8 Myths About Dry Mouth

  • couple-embracing-and-laughing-on-beach
    How to Cope with Dry Mouth
    What could be more frustrating than trying to speak but finding your tongue glued to the roof of your parched mouth? Dry mouth, or xerostomia, often causes a number of other unpleasant symptoms too, such as bad breath, difficulty eating and swallowing, and tooth decay. How much do you know about this condition that turns your mouth into a desert?

  • hand-holding-cup-of-coffee
    Myth No. 1: It doesn’t have anything to do with what you eat or drink.
    Your diet may not cause dry mouth, but it certainly can make it seem worse. If you have xerostomia, you might want to pass on the spicy or salty foods that can irritate your mouth. Alcohol, tobacco, and caffeine are all oral irritants.

  • senior-couple-walking-by-water
    Myth No. 2: It’s just another part of getting older.
    Nope. Dry mouth is not a normal part of the aging process. It could be caused by a side effect from a medication you’re taking, or from treatment like chemotherapy or radiation. It could also be a sign of nerve damage. So if you’ve written off dry mouth as another symptom of aging, consult your doctor to rule out other factors that could be causing it.

  • stressed-man-with-hands-on-face
    Myth No. 3: Once you have it, you’ll always have it.
    It depends on what’s causing your dry mouth. Stress can cause a temporary case of dry mouth, and so can a round of certain medications. When you stop taking the medication, your dry mouth will probably go away. However, sometimes your salivary glands might become damaged by certain treatments for cancer or by injury. That can cause a permanent case of dry mouth.

  • closeup-of-toothpaste-and-toothbrush
    Myth No. 4: It’s annoying, but it doesn’t really have any effect on your health.
    Your teeth and gums are at risk! You are more likely to develop tooth decay if you suffer from dry mouth. The lack of saliva in your mouth can also exacerbate gum disease. The reason: you don’t have enough saliva to wash away the bacteria that hammer away at your gums and teeth. If you have dry mouth, you need to take extra-special care to brush and floss your teeth regularly—and let your dentist know if you develop any infections or experience any pain or inflammation.

  • dentures-soaking-in-water-glass
    Myth No. 5: You wear dentures, so your dry mouth shouldn’t be an issue.
    Dry mouth can make it more uncomfortable for you to wear dentures, though. You might notice that your dentures tend to rub against your gums, causing sores to develop.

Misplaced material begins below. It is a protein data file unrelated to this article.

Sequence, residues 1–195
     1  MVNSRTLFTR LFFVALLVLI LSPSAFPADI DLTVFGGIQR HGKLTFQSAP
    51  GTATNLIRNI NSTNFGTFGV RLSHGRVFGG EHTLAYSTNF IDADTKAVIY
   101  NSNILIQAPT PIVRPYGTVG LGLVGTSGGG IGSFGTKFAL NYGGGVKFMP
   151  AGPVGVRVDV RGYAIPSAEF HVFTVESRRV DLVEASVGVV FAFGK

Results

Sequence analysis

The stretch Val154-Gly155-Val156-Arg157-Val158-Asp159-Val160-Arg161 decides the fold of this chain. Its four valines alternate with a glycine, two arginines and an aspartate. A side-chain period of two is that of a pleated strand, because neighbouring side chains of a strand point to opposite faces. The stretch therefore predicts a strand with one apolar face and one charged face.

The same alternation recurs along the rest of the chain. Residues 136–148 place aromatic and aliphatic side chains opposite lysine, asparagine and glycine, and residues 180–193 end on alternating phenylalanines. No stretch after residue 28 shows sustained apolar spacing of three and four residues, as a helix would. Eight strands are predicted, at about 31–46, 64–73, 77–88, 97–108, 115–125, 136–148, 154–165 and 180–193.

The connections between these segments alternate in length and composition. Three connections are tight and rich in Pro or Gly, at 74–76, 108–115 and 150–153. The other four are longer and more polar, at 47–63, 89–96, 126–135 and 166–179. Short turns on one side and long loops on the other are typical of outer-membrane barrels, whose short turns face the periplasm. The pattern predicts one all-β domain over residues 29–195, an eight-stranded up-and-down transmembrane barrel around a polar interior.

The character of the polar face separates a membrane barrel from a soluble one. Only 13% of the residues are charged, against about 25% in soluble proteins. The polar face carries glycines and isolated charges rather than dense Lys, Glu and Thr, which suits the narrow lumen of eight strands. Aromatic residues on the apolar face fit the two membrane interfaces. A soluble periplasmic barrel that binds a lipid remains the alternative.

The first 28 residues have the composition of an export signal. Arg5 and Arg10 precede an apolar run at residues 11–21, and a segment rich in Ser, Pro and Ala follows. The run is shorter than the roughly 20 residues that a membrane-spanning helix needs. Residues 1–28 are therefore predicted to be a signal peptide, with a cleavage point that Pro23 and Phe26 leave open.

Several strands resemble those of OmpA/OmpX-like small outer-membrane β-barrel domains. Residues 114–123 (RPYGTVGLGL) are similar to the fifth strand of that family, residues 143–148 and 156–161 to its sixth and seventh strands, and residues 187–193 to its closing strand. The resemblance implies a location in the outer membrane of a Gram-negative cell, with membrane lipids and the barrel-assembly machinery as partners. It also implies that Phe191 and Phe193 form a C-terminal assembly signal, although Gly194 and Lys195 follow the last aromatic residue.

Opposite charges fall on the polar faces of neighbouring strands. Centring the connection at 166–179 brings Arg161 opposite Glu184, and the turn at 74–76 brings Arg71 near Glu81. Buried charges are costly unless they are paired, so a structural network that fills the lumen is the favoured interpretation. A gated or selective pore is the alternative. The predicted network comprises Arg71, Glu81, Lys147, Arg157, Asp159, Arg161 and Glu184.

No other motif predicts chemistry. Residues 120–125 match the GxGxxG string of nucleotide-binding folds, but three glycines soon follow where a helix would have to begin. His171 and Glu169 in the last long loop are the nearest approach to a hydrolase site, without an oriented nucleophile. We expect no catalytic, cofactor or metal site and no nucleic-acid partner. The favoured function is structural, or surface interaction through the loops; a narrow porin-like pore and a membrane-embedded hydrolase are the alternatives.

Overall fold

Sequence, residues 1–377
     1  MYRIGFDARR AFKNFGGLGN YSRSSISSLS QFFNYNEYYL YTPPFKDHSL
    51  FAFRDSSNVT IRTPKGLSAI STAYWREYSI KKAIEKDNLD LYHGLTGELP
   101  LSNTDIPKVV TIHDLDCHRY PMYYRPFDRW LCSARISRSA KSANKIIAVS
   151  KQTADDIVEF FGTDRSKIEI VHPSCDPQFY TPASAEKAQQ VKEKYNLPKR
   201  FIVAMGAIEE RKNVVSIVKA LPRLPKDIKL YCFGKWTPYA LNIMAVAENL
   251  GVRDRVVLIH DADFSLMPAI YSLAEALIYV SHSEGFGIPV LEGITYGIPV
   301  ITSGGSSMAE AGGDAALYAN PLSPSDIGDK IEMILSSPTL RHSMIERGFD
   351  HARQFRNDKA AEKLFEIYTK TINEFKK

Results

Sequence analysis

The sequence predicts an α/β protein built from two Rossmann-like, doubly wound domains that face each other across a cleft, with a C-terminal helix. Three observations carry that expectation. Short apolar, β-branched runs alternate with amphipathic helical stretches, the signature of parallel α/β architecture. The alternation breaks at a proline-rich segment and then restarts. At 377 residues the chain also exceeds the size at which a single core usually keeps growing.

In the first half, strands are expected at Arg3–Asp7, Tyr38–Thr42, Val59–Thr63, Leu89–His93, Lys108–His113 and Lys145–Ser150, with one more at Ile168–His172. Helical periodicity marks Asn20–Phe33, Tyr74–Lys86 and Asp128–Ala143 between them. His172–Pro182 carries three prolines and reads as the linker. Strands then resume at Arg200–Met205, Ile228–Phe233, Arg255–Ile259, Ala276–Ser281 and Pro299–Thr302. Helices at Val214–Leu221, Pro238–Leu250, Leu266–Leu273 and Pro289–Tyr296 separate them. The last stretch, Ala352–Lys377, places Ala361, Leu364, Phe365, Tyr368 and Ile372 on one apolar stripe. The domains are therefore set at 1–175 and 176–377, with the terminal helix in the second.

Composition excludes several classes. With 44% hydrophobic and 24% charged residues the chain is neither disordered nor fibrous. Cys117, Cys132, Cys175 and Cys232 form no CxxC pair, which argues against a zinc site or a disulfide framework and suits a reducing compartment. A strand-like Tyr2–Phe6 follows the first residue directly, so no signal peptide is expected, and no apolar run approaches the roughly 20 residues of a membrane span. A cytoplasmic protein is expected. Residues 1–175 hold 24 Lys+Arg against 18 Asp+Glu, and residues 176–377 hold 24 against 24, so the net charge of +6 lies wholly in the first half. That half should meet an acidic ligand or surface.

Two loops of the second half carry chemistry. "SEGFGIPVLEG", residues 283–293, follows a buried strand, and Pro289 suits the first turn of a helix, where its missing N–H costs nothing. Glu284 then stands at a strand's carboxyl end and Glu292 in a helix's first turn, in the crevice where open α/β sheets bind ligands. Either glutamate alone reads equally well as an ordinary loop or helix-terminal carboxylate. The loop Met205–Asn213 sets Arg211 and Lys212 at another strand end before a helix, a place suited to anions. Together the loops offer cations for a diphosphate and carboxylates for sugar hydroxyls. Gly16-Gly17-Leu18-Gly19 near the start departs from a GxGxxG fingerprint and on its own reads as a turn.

• smiling-woman-holding-glass-of-water-and-pill
    Myth No. 6: There’s nothing you can take to help the problem.
    Artificial saliva could be the product for you, if other contributing causes have been ruled out. These saliva substitutes lubricate your mouth; you can take your pick among rinses, gels, sprays and tablets. But their abilities are limited—they can’t actually stimulate the production of saliva. However, if you’ve developed dry mouth as a result of radiation treatment for certain head and neck cancers or for Sjögren's syndrome, the FDA has approved some medications that are aimed at treating your condition.

  • chewing-gum-in-wrapper
    Myth No. 7: Chewing gum makes it worse.
    Chewing sugarless gum or sucking on sugarless hard candies can actually provide some much-wanted relief. The key here is “sugarless.” But be forewarned. Many of those also contain a substance called xylitol, which can cause stomach cramps or diarrhea, so you don’t want to overdo it.

  • hand-pouring-mouth-wash-into-cup
    Myth No. 8: A little mouthwash will knock out the bad breath.
    True, mouthwash can temporarily improve the way your breath smells by killing some of the odor-causing bacteria. But it’s not going to fix the problem. In fact, it’s probably going to make it a lot worse, because the alcohol in most mouthwashes tends to dry the mouth out. However, there are some mouthwashes on the market that are designed for people with dry mouth, so you might give one of those a try.

8 Myths About Dry Mouth

About The Author

Jennifer Larson has more than 15 years of professional writing experience with a specialization in healthcare. She has a master’s degree in journalism from the University of Maryland and memberships in the Association of Health Care Journalists, the Society of Professional Journalists, and the Education Writers Association.
  1. Dry Mouth? Don't Delay Treatment. U.S. Food and Drug Administration. http://www.fda.gov/ForConsumers/ConsumerUpdates/ucm254273.htm
  2. Dry Mouth. Mayo Clinic. http://www.mayoclinic.org/diseases-conditions/dry-mouth/basics/definition/con-20035499
  3. Dry Mouth. National Institute of Dental and Craniofacial Research. http://www.nidcr.nih.gov/oralhealth/Topics/DryMouth/DryMouth.htm#
  4. Older Adults and Oral Health. National Institute of Dental and Craniofacial Research. http://www.nidcr.nih.gov/oralhealth/OralHealthInformation/OlderAdults/
  5. Plemons JM, et al. Managing xerostomia and salivary gland hypofunction. American Dental Association Council on Scientific Affairs. Journal of the American Dental Association. 2014; Volume 145, Issue 8, 867–873. http://jada.ada.org/article/S0002-8177(14)60200-2/pdf
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Last Review Date: 2018 Mar 13
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